Help Us Out
We’re looking for customers to test this new WinDaq software approach for defining engineering units and give us their opinions. Currently the new code is available only for starter kits, so anyone with a DI-194(RS), -154RS, -148U, -148U-SP, -158U, -158UP, -145, -149, or DI-155 qualifies. To sign up, please leave a comment on this blog post with a valid email address, and we’ll follow up with instructions. Note that the new code doesn’t yet replace the other engineering unit scaling options. So, if you hate the new approach you have time to tell us why and have us fix it before it does. Finally, we’ve tested this code and found it to work well, so we hope your evaluation applies only to look and feel. Of course, if you trip on a bug please let us know.
What follows should give you a good feel for why we’re making this change and why its better. Of course, feel free to post any questions you may have in the comments section.
Engineering Unit Scaling Background
The first thing that most data acquisition and data logger equipment users want to do after they acquire analog data is to scale it into meaningful units. To most, acquired data displayed in volts is next to meaningless. They need the ability to translate volts into meaningful measures, like PSI, Newtons, ft-lb, mmHg, etc. These are often referred to as engineering units (EU), and the process of converting voltages applied to the input into meaningful measures like these is referred to as engineering unit scaling. Of course, DATAQ Instruments’ popular WinDaq application supports this feature, but you’ve let us know that the procedure, as well as what we call it, needs improvement.
You talked. We listened.
We heard you. Based upon countless conversations with you, it was clear that our current High/Low method as well as the Fixed method of converting to engineering units was neither intuitive nor easy to use. We also sensed that we confused our customer base through our use of the word calibration to refer to EU scaling. Many customers rightfully feared that they would change the actual calibration of the data acquisition unit if they used these features. None of this is good news for a feature that is so crucial to data acquisition and data logging operations.
A New Engineering Unit Scaling Dialog Box
We’ve responded with a fresh approach to engineering unit scaling that we hope you will view as a major step forward for WinDaq ease-of-use.
Nearby you will see a graphic image of our new Engineering Unit Settings dialog box, which will eventually replace our current High/Low and Fixed dilaog box approaches. I hope at first glance that, aside from minor questions, it’s obvious how to use it. In the most basic applications, you know the relationship of volts to engineering units and you simply define that relationship using the supplied dialog boxes. Some examples:
- 10V equals 500 PSI and 0V equals zero PSI.
- Under the Volt column, you’d set Upper Level equal to “10” and Lower Level equal to “0”
- Under the EU column, you’d set Upper Level equal to “500” and Lower Level equal to “0”
- Set the EU Tag dialog box to “PSI”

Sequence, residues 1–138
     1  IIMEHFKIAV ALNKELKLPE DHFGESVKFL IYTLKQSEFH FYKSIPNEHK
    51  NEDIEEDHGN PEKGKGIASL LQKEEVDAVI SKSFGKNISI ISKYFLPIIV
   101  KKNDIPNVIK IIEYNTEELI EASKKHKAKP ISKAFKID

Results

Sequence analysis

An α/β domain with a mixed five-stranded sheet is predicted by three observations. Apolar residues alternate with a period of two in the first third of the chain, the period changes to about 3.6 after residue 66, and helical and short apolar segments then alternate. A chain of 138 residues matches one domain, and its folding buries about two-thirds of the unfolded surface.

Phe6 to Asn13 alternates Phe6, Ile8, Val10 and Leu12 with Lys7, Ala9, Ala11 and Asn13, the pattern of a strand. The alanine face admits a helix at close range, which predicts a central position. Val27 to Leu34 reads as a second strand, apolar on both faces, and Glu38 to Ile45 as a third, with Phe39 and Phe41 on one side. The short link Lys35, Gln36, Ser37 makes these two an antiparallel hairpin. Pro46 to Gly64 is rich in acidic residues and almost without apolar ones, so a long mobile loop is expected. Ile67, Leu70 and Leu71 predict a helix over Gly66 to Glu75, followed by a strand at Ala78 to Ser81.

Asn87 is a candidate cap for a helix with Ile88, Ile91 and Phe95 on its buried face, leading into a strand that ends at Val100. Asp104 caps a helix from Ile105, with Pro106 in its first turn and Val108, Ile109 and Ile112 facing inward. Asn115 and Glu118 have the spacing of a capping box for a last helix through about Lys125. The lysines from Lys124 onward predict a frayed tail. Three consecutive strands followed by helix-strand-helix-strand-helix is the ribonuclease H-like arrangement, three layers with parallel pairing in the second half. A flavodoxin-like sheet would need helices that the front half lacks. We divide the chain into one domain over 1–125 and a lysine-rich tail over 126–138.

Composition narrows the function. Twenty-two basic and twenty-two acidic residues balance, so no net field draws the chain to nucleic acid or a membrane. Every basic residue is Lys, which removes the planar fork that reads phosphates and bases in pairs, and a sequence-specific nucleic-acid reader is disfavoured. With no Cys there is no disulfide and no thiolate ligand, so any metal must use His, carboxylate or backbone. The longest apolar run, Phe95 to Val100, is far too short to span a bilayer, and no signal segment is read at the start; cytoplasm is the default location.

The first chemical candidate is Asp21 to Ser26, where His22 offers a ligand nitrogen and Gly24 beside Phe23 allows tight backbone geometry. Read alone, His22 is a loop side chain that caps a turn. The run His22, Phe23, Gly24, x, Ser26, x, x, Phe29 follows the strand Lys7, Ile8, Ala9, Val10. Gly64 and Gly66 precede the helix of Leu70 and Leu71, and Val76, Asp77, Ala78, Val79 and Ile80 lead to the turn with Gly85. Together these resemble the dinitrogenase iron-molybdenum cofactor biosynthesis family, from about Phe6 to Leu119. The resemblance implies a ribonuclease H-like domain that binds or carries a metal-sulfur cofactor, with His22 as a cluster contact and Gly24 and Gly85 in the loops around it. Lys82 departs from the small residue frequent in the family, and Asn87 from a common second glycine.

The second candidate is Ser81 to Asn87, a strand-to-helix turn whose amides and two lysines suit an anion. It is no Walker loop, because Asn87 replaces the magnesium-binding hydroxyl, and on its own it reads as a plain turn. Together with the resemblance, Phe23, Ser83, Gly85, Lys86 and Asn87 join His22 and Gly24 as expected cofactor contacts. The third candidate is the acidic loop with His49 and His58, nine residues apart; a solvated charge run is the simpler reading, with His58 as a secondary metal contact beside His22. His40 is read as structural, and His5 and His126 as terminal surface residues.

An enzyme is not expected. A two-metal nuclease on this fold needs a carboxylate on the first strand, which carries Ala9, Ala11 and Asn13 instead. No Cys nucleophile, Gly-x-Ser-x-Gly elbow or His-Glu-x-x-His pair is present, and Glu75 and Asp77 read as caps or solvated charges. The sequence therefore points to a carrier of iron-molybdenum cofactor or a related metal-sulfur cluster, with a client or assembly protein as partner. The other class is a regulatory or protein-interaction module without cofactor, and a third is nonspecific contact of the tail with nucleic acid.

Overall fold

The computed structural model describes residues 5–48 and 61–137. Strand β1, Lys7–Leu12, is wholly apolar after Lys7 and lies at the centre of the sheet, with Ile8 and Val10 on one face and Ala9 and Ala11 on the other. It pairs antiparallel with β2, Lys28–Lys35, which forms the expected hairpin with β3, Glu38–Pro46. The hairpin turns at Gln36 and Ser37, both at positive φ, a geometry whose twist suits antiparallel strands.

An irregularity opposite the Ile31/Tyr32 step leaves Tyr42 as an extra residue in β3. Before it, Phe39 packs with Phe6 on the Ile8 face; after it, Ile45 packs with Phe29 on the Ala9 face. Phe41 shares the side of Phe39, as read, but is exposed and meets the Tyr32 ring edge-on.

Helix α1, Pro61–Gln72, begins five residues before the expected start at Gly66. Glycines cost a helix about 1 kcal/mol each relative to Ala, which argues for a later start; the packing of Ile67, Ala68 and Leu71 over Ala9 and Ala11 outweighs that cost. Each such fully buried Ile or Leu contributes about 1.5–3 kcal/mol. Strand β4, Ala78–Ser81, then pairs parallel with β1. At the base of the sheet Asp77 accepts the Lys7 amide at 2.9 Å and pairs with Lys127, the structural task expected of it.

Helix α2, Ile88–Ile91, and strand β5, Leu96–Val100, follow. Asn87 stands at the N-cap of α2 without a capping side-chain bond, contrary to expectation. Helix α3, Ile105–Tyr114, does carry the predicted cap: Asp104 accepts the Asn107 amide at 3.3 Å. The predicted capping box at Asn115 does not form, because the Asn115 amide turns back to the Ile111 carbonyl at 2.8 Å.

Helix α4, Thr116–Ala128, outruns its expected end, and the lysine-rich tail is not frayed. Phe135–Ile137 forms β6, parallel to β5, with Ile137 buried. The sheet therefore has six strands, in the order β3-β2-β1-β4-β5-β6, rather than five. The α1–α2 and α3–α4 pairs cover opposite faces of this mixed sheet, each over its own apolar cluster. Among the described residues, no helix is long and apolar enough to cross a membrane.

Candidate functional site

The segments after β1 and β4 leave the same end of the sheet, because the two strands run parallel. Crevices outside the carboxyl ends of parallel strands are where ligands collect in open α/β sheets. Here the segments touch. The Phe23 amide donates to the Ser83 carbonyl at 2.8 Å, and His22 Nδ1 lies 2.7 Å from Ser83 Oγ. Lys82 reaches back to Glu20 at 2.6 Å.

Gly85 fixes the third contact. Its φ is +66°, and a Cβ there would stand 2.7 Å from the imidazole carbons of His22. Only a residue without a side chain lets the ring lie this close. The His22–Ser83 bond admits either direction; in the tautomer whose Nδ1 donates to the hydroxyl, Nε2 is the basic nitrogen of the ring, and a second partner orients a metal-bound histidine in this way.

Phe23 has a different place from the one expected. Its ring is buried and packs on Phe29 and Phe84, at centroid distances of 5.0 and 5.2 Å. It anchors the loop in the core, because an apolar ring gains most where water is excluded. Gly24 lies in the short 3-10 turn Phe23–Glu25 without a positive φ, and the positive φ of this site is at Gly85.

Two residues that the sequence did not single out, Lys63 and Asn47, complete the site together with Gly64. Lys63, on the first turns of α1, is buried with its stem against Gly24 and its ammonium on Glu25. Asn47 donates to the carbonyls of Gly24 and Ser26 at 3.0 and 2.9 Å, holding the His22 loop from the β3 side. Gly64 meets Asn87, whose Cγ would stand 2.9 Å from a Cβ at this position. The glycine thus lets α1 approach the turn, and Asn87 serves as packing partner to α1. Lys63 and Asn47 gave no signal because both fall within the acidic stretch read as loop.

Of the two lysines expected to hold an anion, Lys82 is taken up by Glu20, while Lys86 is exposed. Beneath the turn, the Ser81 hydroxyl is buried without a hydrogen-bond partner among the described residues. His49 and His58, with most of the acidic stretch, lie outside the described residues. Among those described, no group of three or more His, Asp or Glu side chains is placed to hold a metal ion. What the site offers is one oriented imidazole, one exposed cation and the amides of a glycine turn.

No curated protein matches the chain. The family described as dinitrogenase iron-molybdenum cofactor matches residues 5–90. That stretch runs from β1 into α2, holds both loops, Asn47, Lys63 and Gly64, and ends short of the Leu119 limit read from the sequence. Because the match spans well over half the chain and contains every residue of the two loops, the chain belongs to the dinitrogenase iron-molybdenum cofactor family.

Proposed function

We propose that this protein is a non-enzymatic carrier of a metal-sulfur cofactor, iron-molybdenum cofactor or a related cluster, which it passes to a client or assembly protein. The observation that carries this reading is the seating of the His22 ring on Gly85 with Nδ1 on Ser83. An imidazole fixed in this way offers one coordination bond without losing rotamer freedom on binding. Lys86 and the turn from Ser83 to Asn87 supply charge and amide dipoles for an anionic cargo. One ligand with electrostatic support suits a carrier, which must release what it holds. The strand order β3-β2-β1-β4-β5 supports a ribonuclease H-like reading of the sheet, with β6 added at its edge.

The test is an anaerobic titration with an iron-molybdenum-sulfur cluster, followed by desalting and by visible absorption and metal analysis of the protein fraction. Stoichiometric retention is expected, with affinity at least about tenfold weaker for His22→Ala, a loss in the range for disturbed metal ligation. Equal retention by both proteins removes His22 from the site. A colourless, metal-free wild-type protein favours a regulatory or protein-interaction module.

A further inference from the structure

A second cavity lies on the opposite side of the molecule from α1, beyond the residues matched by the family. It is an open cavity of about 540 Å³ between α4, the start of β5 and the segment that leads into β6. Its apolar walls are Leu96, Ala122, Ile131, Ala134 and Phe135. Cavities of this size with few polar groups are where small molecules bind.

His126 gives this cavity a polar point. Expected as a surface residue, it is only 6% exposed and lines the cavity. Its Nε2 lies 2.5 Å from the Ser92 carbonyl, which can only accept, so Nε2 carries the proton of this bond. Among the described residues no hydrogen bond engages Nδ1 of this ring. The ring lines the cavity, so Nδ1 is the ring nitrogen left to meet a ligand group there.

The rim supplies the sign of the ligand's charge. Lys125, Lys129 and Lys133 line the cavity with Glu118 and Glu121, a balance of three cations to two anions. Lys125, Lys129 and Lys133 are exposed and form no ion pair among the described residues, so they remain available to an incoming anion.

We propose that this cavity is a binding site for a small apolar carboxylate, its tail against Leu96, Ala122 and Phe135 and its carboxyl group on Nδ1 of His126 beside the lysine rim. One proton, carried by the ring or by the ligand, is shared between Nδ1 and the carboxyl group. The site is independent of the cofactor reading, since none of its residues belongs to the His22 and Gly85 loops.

- Using a 250-Ohm resistor on a process current loop where the sensor’s output is 300 lbs at 20 mA and 0 lbs at 4 ma
- Since the 250-Ohm resistor converts the 4-20 mA signal to 1-5 V…
- Under the Volt column, you’d set Upper Level equal to “5” and Lower Level equal to “1”
- Under the EU column, you’d set Upper Level equal to “300” and Lower Level equal to “0”
- Set the EU Tag dialog box to “LBS”
Some Additional Features
As you study the new Engineering Units Settings dialog box you’ll notice some interesting items starting with the eyedropper icons adjacent to the Volt data entry boxes.
We’ve noticed that many WinDaq users simply do not know the relationship of volts output from the sensor versus engineering units, so they derive the relationship empirically. Using the example of a load cell with an unknown output versus pounds of applied force, they’ll apply no load, then measure and record the voltage output. Then they’ll measure and record the output with a known load applied. The two recorded voltage values versus applied load can be entered in the appropriate boxes to define the relationship.
The eyedroppers eliminate a couple steps. They allow you to sample the current value of the applied voltage when you click the icon, and have it automatically displayed in the Volt box for either the Upper or Lower value depending upon the applied load. Continuing with the example, you’d apply no load and click the Lower eyedropper so the software will acquire the lower voltage value and display it automatically in the Lower box for voltage. Then you’d enter zero for the lower EU value. Next, you’d apply your known load and do the same for the Upper values. Enter your EU Tag and you’re done. As you can see for this calibration method, using the eyedroppers saves time and greatly reduces the possibility of human error.
Finally, there’s the Set Zero button that allows you to instantly compensate for zero offsets from your measurement. How many times have you carefully calibrated a system only to see a slight offset in the result when you apply zero engineering units? It’s very common. You can apply zero engineering units to your sensor and then use the Set Zero feature to instantly force the offset to zero when you click the button.
In the final version that we release to everyone, an additional button labeled Help (not available in this beta version) will provide a dedicated help reference just for the Engineering Unit Settings dialog box.